Centred on Shakespeare and early modern literature and culture, students also explore the reception and performance of Shakespeare in later times; the programme deepens students' understanding of Elizabethan literature, its historical and cultural contexts, and how this literary tradition has evolved, and how it is received in the world in the present; students combine theory with a close reading of a wide range of texts, from different media (literary, filmic, visual), periods, and cultural, geographical and linguistic backgrounds; all texts are studied in English, English translation, or with English subtitles.
Shakespeare and the early modern; option modules include: caribbean women: writing and representation; documenting America: the phototext 1910'1960; Elizabethan style: verbal and the visual; European decadence and the visual arts; interculturality, text, poetics; literature and philosophy; postcolonial fiction: theory and practice; postmodernist fiction; reading Freud: love and its vicissitudes; re'writing sexualities; romantic Shakespeare; textual, linguistic and cultural encounters: literature across boundaries; the contemporary american novel in the era of climate change; the European avant'garde; 20th'century American poetry: theory into practice; 20th'century Caribbean writing; 21st'century American fiction.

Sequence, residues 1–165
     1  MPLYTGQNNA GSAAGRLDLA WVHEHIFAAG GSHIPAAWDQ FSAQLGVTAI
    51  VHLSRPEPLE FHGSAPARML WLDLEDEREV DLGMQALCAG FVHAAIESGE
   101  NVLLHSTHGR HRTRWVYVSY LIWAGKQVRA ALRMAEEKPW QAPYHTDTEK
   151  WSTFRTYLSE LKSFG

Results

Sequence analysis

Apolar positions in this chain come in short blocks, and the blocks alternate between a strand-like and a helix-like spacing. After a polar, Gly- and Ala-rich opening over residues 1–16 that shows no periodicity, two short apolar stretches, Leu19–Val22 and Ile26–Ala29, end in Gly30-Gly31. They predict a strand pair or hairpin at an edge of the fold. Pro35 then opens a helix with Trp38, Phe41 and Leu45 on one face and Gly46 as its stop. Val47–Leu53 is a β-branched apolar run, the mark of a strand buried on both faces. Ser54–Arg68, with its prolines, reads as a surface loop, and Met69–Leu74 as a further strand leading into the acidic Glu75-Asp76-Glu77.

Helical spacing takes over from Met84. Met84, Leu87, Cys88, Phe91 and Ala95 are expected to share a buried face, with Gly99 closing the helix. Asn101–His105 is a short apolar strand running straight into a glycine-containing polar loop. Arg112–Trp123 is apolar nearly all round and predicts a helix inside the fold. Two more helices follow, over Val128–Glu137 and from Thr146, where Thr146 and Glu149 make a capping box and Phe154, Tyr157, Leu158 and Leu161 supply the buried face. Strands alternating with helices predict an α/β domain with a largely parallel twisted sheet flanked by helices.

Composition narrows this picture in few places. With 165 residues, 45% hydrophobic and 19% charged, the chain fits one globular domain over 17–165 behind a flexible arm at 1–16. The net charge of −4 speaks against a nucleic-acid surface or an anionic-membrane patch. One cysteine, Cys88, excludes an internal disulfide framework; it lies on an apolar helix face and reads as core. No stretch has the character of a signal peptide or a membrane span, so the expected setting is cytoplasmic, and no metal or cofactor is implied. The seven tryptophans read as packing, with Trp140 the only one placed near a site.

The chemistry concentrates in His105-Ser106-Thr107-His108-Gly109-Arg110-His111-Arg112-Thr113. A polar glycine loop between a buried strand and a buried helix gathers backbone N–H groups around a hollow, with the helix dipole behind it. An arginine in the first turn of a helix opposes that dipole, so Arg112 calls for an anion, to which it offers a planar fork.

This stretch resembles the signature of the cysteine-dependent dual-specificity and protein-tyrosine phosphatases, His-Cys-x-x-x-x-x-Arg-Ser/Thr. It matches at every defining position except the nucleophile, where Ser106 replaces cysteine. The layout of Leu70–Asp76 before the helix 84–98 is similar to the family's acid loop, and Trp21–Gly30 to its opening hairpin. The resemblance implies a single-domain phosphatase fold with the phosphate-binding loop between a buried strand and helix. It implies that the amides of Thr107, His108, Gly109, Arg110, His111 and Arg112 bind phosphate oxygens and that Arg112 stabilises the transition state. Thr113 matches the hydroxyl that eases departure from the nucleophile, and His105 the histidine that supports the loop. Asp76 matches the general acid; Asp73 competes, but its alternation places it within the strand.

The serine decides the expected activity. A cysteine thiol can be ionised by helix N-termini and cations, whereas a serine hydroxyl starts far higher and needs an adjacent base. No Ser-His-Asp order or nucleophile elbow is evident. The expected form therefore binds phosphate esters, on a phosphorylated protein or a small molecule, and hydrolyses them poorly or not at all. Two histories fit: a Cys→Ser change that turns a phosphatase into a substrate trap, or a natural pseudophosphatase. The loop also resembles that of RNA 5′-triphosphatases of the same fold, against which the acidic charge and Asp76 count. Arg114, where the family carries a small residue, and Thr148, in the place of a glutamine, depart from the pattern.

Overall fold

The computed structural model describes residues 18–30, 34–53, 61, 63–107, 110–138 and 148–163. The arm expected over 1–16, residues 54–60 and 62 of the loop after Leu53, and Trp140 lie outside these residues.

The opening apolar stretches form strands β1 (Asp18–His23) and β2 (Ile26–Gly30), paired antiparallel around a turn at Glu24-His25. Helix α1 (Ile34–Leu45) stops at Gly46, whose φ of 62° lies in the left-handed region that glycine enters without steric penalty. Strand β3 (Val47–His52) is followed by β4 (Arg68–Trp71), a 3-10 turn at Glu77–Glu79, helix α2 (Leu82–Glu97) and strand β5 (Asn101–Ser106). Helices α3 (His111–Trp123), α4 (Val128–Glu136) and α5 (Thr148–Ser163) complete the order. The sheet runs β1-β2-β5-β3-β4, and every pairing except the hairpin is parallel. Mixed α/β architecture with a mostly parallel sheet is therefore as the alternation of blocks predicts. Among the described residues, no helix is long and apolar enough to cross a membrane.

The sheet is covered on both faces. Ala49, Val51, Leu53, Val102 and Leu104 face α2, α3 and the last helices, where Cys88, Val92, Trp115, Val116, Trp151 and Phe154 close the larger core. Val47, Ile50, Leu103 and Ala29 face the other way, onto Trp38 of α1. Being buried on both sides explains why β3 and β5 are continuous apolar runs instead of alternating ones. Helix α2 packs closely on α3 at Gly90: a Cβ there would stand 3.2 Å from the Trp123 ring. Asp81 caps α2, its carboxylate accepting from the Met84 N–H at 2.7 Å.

Course Additional Entry
Students should have (or expect to be awarded) an undergraduate degree of at least upper 2nd Class standard in a relevant/related subject; students might also be considered for some programmes if they aren't a graduate or their degree is in an unrelated field, but have relevant experience and can show that they have the ability to work at postgraduate level.
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